MADRID, 26 (EUROPA PRESS)
Scientists from Cambridge and NTU Singapore have discovered that slow-motion plate tectonic collisions drag more carbon into the Earth than previously thought.
They found that carbon drawn into the Earth’s interior in subduction zones, where tectonic plates collide and plunge into the Earth’s interior, tends to remain locked at depth, rather than resurface in the form of volcanic emissions.
Their findings, published in Nature Communications, suggest that only about a third of the carbon recycled beneath volcanic chains returns to the surface through recycling, in contrast to previous theories that what goes down mostly goes back up.
One of the solutions to tackle climate change is to find ways to reduce the amount of CO2 in Earth’s atmosphere. By studying how carbon behaves deep within the Earth, which is home to most of our planet’s carbon, scientists can better understand the entire life cycle of carbon on Earth and how it flows between the atmosphere, oceans and life on the surface.
The best understood parts of the carbon cycle are found on or near the Earth’s surface, but deep carbon stocks play a key role in maintaining the habitability of our planet by regulating atmospheric CO2 levels.
“We currently have a relatively good understanding of surface carbon pools and the fluxes between them, but we know much less about carbon pools inside the Earth, which cycle carbon over millions of years,” said lead author Stefan Farsang. , who conducted the research while a PhD student in the Cambridge Department of Earth Sciences.
There are several ways to release carbon into the atmosphere (as CO2), but there is only one way that it can return to Earth’s interior: through plate subduction. Here, carbon from the surface, for example in the form of seashells and microorganisms that have locked atmospheric CO2 in their shells, is channeled into the Earth’s interior.
Scientists had thought that much of this carbon was returned to the atmosphere as CO2 through emissions from volcanoes. But the new study reveals that chemical reactions that take place in rocks swallowed up in subduction zones trap carbon and send it deeper into the Earth’s interior, preventing some of it from returning to Earth’s surface.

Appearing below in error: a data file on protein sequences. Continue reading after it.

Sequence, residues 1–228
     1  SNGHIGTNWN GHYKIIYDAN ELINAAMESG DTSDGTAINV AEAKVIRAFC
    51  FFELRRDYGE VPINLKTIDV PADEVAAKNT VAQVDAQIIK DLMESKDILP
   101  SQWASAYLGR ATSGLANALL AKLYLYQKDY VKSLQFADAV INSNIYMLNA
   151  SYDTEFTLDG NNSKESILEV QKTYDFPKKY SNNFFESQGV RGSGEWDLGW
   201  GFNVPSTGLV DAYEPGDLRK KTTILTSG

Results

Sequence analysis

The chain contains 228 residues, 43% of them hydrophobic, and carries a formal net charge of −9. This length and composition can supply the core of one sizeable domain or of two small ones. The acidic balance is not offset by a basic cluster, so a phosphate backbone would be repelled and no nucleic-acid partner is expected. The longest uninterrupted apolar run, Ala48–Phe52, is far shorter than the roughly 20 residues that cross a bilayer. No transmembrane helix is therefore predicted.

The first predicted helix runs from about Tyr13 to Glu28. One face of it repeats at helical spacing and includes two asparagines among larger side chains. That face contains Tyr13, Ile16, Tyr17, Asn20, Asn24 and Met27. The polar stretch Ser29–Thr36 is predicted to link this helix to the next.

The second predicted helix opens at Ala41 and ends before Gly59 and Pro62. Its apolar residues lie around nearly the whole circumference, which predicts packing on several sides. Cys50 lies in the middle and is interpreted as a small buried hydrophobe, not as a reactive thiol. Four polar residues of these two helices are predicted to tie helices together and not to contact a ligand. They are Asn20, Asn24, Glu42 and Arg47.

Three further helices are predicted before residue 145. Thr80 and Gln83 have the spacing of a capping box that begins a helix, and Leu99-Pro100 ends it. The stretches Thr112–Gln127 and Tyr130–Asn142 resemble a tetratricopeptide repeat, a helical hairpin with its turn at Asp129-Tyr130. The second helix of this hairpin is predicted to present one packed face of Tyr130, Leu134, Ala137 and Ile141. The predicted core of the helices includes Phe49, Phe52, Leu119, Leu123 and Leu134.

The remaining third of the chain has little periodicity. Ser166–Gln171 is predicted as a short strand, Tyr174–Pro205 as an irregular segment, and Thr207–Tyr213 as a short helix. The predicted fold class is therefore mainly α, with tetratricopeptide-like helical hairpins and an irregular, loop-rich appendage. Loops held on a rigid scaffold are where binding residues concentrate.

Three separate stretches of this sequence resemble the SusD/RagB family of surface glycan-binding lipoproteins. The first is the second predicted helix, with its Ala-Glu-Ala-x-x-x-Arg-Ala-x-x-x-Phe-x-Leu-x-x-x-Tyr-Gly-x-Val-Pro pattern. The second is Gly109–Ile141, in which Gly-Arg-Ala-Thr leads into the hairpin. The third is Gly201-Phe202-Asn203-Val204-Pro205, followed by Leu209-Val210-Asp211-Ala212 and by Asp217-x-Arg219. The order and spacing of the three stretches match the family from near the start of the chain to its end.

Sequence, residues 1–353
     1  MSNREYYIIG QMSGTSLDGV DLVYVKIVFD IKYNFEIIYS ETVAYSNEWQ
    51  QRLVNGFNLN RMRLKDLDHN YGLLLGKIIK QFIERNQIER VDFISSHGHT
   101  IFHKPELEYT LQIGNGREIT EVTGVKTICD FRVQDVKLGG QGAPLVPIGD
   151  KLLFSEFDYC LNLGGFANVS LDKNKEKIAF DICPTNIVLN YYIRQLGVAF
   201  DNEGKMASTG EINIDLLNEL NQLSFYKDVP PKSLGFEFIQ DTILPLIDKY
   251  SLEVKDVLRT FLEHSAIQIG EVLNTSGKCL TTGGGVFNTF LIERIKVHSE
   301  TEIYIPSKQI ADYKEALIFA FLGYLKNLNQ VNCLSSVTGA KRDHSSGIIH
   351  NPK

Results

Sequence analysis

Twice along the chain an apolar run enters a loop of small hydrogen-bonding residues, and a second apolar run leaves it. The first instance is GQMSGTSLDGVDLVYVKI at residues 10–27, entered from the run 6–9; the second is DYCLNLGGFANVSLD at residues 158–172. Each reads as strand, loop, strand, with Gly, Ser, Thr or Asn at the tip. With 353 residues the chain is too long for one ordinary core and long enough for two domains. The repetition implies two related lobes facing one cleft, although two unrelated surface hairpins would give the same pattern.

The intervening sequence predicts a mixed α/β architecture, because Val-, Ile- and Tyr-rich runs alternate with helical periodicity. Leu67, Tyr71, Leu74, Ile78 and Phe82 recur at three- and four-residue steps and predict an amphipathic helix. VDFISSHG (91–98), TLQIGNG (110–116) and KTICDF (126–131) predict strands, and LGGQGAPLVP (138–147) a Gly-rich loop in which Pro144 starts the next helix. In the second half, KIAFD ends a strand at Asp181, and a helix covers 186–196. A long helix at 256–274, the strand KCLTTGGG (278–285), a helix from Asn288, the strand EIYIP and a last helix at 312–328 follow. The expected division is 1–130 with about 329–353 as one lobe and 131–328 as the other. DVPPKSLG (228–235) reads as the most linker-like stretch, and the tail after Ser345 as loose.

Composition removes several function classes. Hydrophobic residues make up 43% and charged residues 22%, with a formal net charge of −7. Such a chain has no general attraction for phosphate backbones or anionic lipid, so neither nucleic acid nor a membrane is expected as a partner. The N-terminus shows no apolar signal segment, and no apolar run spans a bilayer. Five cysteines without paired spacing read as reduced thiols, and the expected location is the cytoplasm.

The team carried out a series of experiments at the European synchrotron radiation facility. “The ESRF has world-leading facilities and the expertise we needed to get our results,” said co-author Simon Redfern, dean of NTU Singapore’s College of Science, in a statement. “The facility can measure very low concentrations of these metals under the high pressure and temperature conditions of interest to us,” he added. To reproduce the high pressures and temperatures of the subduction zones, they used a heated “diamond anvil”, in which extreme pressures are achieved by pressing two small diamond anvils against the sample.
The work supports growing evidence that carbonate rocks, which have the same chemical composition as chalk, become less rich in calcium and richer in magnesium when they are channeled deeper into the mantle. This chemical transformation makes the carbonate less soluble, which means that it is not absorbed into the fluids that supply volcanoes. Instead, most of the carbonate sinks deeper into the mantle where it can eventually turn into diamond.
“There is still a lot of research to be done in this field,” said Farsang. “In the future, our goal is to refine our estimates by studying the solubility of carbonates over a broader temperature and pressure range and in various fluid compositions.”
The findings are also important for understanding the role of carbonate formation in our climate system more generally. “Our results show that these minerals are very stable and can certainly retain CO2 from the atmosphere in solid mineral forms that could result in negative emissions,” said Redfern. The team has been investigating the use of similar methods for carbon capture, which moves atmospheric CO2 to storage in rocks and oceans.
“These results will also help us understand better ways to lock carbon on solid Earth, out of the atmosphere. If we can accelerate this process faster than nature manages it, it could prove a route to help solve the climate crisis. “said Redfern.